During the sixties and early seventies, American journalism harped on the generational conflict supposedly sundering American society. But among this family, at least , no such conflict existed: the Horowitzes shared a coherent, if not precisely seamless, common culture. The only minor fracture resulted from the Hungarian Revolution of 1956 and Soviet Premier Khrushchev's "Secret Speech," which confirmed from the most unimpeachable source what anti- and ex-Communists had been saying about Stalin for two decades.
His father and mother could not bring themselves to support the Hungarians, but shortly thereafter they left the party. Though no longer willing to lend their efforts to the Soviet cause, however, neither did they become anti -Communists or even (in the strictest sense of the word) ex-Communists. The same anger and frustration which drove them into the party persisted, and simmered at a low burn, for the rest of their lives.
What Horowitz took from such an upbringing was a socialist vision that provided "the only way I knew of looking at the world that would distinguish right from wrong. . . . Socialism was the desire for justice . . . I did not see how I could give that up." Like most red diaper members of the New Left, Horowitz was obsessed with the idea of "rescu[ing] the Communist project from its Soviet fate." And his goal was to succeed where his parents had failed.
The system that the Horowitzes so despised provided their son with scholarships to Columbia, where he received a degree in English, and Berkeley, where he continued graduate studies in literature before embarking on a career as a political journalist. The decisive push away from the academy came from the success of his first book, Student (1962), an inflammatory pamphlet in praise of the campus leftism that was then a quite singular phenomenon in the United States. It sold 25,000 copies and made Horowitz something of a minor celebrity. The next step was a version of the European Grand Tour--in this case, to the Scandinavian capitals, where anti-Americanism was beginning to flourish in new and garish ways.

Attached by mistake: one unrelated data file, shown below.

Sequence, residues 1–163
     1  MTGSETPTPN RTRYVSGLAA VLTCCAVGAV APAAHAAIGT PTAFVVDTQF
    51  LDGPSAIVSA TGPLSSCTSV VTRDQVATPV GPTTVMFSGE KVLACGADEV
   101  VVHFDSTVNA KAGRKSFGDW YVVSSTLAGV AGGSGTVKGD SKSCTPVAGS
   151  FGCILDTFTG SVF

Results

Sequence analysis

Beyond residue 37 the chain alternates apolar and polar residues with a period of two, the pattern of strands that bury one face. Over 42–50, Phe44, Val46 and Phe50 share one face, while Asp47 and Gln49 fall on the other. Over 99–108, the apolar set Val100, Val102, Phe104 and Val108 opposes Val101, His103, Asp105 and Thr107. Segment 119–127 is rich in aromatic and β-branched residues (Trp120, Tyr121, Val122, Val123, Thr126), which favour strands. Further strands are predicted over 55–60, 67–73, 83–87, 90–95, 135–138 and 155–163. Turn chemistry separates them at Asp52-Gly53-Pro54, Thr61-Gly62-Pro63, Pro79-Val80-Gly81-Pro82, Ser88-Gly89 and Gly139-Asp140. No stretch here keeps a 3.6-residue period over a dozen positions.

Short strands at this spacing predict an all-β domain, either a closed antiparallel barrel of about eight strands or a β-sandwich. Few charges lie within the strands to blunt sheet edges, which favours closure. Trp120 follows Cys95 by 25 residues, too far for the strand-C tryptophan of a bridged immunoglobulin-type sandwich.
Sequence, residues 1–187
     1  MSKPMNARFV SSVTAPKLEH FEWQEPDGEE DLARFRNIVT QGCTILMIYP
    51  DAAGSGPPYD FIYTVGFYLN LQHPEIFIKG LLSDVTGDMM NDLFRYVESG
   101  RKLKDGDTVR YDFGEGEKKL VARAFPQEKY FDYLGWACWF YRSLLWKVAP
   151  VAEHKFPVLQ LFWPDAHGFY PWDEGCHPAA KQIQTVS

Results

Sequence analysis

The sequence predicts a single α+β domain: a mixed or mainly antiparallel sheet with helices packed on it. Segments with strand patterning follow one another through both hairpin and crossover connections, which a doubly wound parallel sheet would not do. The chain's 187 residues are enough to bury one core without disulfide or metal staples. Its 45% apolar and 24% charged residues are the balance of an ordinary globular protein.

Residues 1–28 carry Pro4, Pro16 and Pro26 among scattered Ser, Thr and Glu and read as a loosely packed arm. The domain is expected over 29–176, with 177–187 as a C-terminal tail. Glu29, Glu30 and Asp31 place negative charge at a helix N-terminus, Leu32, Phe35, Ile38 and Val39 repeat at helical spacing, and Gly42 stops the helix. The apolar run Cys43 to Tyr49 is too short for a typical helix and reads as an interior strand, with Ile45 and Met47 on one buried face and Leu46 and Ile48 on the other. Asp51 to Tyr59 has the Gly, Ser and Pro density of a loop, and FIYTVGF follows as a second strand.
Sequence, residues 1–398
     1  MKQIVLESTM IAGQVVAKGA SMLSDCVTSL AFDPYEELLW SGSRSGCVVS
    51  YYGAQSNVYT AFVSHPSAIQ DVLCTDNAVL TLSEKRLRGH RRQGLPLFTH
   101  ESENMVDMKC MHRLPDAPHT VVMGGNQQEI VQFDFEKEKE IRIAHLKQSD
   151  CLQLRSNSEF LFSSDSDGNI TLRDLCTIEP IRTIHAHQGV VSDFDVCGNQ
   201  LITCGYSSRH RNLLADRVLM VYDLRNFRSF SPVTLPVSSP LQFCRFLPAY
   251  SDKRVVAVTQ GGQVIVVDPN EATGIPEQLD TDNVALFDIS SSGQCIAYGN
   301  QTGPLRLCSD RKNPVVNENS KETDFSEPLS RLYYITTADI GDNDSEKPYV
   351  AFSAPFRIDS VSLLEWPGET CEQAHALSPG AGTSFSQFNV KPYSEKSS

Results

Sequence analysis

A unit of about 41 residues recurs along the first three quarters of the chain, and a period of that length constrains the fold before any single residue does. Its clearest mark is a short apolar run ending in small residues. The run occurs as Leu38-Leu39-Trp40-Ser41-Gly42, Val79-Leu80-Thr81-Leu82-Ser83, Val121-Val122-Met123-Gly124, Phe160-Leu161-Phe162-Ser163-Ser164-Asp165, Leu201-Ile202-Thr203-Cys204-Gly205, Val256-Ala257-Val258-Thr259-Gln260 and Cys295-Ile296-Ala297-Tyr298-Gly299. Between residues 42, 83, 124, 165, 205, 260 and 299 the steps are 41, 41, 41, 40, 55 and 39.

After a season in Norway and then Sweden, Horowitz, together with his wife and infant son, moved to London, where he became a fellow at the new Bertrand Russell Peace Foundation. Although its vicious and senile namesake was very much in evidence, the foundation was in the day-to-day hands of Ralph Milliband, a desiccated English intellectual who had drawn up plans to overthrow Kenya, "complete with instructions for taking over communications centers and the airport," and Ralph Schoenman, a three-quarters crazed American who acted as Lord Russell's secretary, amanuensis, and puppet-master.
While in residence there, Horowitz completed Free World Colossus, one of the earliest and most influential revisionist works of Cold War history, in which most of the blame for postwar tensions was placed on Truman and Eisenhower rather than Stalin or his successors. Although chock-full of distortions and falsifications, the book became something of a Bible whose influence spread far beyond the New Left: Robert Pastor, who would become Jimmy Carter's director for Latin American affairs on the National Security Council, once confessed that it played an important role in shaping his response to the Sandinista revolution in Nicaragua.